Our little ones follow our example, not our advice. Just the other day, I caught my 1 year old transferring her clean nappies from the packet straight into the nappy bin! She sees mummy putting nappies into the nappy bin all the time, so logistically; she thinks she is doing me a favour! I told her “No!” closed the door behind us and we got on with our day. The next time I put a dirty nappy into the nappy bin a little voice shouted “No, no, no!” Children are very clever, they are like little sponges and soak up information even when you least expect. You will tell them to do one thing, they will do the other… this is because they respond to action rather than words.
So in this case, how are we as parents supposed to prepare our children for life? We humans act with instinct, drawing on similar past experiences to help us decide how to play out a situation. For children, particularly of pre-school age who don’t have an awful lot of life experience to draw on. This is where the importance of drama in young children enters the equation. At the Pauline Quirke Academy, we have specifically developed our “Poppets” class for children aged 4-5 as a fun introduction to singing, dancing and acting. We take the children on a themed, improvised journey during each class. During our “Charlie and the Chocolate Factory” theme, children start off in Charlie’s house. Charlie of course is very poor and his family can’t afford to heat the house, so they are very cold. All they can afford to eat for dinner is cabbage soup. But there isn’t enough for everyone, so Charlie’s family go without food so Charlie can eat. We ask the children if they were Charlie how would you feel. The answer we get is “very sad”. Asking the children to put themselves into Charlie’s shoes teaches them to empathise with others.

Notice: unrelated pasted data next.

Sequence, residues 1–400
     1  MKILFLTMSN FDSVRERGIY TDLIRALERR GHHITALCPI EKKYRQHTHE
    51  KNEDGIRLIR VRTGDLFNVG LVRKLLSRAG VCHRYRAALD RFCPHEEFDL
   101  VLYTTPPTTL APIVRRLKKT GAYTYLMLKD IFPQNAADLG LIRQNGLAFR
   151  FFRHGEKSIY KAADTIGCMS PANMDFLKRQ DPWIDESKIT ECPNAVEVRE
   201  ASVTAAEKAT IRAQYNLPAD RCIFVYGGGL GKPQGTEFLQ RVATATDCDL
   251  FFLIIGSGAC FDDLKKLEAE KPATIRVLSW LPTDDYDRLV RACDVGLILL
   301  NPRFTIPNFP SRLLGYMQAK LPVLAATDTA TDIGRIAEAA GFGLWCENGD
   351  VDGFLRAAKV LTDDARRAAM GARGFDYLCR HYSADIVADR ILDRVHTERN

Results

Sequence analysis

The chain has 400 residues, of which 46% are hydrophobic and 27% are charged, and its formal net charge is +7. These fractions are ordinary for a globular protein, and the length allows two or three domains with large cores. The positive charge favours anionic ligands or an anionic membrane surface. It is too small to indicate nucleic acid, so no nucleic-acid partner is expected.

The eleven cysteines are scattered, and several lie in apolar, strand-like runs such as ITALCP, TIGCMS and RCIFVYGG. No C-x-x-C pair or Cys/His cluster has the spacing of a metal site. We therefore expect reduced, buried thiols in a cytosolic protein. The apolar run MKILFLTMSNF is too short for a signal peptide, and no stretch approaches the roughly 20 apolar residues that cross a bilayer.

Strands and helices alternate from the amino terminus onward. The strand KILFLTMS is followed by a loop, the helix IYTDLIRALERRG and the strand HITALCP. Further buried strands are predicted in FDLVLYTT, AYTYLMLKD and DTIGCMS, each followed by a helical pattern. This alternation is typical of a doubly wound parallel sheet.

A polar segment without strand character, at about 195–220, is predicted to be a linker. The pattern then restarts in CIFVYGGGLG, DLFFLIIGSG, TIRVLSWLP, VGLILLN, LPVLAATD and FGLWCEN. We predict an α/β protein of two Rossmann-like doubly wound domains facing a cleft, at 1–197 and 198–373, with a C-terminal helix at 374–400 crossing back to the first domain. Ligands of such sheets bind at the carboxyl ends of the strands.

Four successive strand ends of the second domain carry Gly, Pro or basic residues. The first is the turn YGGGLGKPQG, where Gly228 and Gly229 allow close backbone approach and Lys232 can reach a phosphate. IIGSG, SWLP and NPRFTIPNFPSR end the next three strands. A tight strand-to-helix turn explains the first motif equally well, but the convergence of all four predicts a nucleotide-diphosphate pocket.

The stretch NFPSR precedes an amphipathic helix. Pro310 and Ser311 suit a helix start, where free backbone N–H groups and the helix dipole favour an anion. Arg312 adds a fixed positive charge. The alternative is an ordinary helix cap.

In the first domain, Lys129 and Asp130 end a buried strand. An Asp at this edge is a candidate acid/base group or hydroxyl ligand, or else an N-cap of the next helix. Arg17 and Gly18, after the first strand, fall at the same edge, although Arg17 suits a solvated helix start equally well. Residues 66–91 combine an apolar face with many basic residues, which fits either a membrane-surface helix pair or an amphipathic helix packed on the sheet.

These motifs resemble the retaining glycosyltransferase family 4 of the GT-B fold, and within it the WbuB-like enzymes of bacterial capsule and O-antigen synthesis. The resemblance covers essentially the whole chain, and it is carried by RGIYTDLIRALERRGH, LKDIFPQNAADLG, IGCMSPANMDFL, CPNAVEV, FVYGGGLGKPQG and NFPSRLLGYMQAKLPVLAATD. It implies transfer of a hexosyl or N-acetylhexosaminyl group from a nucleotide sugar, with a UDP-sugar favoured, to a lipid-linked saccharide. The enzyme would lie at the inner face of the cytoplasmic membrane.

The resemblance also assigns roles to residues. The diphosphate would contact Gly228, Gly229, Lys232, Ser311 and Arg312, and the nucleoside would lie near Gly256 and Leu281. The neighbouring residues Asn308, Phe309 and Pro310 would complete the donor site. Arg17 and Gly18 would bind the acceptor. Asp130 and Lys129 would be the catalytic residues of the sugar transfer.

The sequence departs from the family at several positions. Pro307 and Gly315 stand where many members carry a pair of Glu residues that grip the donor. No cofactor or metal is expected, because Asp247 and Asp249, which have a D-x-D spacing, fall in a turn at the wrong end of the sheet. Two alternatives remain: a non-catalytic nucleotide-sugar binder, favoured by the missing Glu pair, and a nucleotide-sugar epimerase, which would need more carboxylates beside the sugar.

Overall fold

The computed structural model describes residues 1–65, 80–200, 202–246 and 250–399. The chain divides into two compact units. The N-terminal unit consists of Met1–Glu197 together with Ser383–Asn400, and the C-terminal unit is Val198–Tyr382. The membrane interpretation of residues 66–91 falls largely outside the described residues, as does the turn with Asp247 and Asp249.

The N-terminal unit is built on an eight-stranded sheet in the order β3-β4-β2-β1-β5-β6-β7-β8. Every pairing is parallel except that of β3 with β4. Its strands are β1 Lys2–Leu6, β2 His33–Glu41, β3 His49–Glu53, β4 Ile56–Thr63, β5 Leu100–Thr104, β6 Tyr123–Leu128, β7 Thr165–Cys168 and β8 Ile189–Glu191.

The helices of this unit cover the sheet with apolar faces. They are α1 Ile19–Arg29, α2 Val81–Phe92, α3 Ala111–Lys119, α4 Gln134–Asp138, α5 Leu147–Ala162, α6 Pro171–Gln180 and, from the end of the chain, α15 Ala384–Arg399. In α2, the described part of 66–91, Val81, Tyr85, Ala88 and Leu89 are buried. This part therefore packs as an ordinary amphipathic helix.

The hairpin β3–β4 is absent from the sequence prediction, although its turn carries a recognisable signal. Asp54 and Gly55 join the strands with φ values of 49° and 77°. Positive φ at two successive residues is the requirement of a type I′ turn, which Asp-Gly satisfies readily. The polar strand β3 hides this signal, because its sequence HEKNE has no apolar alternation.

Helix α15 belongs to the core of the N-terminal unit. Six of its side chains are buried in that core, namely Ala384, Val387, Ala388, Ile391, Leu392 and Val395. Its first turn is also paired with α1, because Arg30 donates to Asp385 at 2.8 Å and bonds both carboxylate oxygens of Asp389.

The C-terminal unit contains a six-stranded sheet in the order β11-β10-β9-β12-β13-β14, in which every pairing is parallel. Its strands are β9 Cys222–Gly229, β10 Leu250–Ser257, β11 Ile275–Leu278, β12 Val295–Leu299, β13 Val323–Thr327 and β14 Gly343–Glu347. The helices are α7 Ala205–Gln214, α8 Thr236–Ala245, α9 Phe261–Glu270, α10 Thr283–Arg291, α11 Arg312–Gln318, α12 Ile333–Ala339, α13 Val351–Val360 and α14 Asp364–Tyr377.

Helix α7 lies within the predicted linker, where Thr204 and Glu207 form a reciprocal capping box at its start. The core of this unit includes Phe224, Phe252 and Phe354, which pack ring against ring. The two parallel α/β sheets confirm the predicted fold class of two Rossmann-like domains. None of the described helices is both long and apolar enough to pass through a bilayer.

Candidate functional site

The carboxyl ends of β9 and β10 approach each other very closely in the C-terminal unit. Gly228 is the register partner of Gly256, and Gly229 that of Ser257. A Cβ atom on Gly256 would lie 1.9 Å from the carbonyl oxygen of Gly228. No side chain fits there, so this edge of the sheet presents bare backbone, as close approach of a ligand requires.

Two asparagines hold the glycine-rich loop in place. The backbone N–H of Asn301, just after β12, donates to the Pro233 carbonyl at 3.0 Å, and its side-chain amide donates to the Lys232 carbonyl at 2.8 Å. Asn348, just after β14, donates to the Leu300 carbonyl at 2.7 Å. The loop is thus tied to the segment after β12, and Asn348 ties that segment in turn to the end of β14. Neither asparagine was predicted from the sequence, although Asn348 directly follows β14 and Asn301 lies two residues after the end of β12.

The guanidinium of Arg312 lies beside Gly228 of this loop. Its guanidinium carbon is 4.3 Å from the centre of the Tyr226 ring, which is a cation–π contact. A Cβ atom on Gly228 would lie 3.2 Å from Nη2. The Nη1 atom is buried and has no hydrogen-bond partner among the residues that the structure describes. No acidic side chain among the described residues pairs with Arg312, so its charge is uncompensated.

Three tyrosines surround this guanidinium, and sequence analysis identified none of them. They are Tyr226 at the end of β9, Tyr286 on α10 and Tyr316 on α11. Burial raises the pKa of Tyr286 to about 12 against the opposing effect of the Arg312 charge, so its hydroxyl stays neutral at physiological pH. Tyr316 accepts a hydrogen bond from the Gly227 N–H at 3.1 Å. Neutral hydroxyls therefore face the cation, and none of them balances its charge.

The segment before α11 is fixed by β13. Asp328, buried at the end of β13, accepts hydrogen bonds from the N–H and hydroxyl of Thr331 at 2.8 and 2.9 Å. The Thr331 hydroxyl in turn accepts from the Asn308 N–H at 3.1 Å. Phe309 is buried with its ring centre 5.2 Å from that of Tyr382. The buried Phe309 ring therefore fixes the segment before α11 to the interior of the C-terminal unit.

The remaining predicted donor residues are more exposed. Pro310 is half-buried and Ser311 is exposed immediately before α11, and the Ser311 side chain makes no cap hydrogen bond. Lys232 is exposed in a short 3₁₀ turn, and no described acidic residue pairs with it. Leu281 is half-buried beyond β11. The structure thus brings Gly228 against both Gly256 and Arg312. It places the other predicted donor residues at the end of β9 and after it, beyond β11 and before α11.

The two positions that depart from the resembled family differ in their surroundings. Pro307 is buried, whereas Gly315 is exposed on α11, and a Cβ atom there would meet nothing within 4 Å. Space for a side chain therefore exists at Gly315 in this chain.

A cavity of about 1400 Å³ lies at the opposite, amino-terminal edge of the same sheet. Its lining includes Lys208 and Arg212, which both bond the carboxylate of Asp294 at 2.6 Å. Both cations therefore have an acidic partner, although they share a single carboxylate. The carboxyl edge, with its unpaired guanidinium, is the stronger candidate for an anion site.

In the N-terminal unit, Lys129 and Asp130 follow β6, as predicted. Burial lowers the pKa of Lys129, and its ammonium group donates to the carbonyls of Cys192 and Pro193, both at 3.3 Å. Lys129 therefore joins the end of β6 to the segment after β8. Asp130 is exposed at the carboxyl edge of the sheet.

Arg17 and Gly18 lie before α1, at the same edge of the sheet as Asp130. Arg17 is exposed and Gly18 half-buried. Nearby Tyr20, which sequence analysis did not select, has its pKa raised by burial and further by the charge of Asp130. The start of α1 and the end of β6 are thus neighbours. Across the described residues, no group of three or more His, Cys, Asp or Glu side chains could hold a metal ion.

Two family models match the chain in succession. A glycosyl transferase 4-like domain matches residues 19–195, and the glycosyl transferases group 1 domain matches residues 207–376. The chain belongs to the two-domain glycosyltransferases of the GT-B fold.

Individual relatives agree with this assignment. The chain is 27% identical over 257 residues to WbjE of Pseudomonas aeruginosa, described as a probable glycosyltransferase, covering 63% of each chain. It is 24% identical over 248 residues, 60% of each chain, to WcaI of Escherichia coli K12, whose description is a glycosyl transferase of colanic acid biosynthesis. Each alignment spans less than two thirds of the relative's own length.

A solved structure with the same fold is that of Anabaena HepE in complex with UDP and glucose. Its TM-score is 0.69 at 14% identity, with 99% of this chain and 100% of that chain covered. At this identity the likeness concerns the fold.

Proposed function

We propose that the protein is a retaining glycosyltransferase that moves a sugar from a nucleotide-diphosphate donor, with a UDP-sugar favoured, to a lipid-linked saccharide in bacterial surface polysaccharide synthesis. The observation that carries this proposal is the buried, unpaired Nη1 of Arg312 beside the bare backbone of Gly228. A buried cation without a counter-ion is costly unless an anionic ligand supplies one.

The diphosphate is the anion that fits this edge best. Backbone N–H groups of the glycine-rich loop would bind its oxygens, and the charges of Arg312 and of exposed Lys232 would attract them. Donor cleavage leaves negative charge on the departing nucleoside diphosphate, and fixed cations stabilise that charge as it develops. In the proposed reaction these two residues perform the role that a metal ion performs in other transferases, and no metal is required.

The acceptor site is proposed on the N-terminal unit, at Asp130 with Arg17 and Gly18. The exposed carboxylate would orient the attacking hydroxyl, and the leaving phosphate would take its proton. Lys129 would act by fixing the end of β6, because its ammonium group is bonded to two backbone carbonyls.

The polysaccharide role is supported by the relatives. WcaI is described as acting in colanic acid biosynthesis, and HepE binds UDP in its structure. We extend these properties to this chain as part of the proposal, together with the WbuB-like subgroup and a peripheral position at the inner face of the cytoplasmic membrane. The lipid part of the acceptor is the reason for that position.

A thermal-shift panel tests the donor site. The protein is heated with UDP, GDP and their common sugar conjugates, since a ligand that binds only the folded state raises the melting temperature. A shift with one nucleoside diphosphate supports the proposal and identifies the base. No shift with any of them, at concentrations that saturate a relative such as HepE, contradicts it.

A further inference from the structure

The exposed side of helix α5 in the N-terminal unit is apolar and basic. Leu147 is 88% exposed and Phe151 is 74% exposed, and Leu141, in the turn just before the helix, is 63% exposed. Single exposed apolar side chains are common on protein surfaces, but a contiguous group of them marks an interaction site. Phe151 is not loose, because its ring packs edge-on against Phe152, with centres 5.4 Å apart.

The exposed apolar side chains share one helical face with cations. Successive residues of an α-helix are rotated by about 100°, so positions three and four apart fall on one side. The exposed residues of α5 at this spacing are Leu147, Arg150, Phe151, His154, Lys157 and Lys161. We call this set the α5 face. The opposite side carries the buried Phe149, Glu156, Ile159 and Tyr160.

Going forward in the story, we meet Slugworth who tries to bribe Charlie to tell him all of the secrets of Wonka’s chocolate factory. In return he will give Charlie lots of money and his family will be rich. Of course it would be nice for Charlie to be rich, but we have promised Mr Willy Wonka that we won’t tell anyone about his factory! What should we do? Shall we just take all of the money, Willy Wonka will probably never find out it was us anyway. But hang on, is it right to break promises? Willy Wonka is our friend. The children ALWAYS decide to keep Wonka’s secret. They children learn to say “No”.
The children then meet Augustus, Violet, Veruca and Mike. We explore greed, disobedience and spoilt behaviour as the children transform into each character. Obviously things do not end up well in the story for these characters, so what behaviour SHOULD we express? “We should be like Charlie!” Charlie’s good behaviour in the story prompts Willy Wonka to give the Chocolate factory to him as a reward.
Our PQA Poppets class is a fun filled and extremely safe environment. Through drama, we place children into situations where they will have to make a conscious decision for themselves. After taking part in our Charlie and the Chocolate Factory themed class, our students will know the Oompa Loompa dance and the Candy Man song. They will also come away thinking about the situations they faced in the story. Next time they meet someone less fortunate than themselves, they may be able to empathise with their situation. Maybe in the school playground someone tempts them to do something they don’t want to do… it’s easy to say “No” just like they did to MR Slugworth!
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